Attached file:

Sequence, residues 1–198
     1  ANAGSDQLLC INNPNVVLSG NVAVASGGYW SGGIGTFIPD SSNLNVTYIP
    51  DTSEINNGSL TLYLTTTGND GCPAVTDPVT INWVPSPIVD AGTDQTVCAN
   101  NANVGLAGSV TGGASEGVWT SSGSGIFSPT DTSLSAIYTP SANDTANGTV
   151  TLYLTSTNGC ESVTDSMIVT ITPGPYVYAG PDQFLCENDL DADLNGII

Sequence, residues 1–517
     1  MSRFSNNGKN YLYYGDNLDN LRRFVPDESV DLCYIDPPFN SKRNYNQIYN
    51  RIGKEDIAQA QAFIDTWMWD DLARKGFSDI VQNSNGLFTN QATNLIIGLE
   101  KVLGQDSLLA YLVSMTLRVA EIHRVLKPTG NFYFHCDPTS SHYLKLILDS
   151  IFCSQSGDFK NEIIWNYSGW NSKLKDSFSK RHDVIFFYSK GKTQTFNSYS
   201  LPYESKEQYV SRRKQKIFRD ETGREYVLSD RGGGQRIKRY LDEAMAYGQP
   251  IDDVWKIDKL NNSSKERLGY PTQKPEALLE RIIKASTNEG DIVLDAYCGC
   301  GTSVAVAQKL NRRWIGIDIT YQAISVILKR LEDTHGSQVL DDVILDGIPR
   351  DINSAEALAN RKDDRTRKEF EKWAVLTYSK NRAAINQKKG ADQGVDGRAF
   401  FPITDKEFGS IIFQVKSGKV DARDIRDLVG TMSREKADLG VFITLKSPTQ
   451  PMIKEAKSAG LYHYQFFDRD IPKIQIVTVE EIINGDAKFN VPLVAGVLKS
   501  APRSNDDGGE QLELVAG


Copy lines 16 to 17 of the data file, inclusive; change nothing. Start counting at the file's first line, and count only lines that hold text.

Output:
   451  PMIKEAKSAG LYHYQFFDRD IPKIQIVTVE EIINGDAKFN VPLVAGVLKS
   501  APRSNDDGGE QLELVAG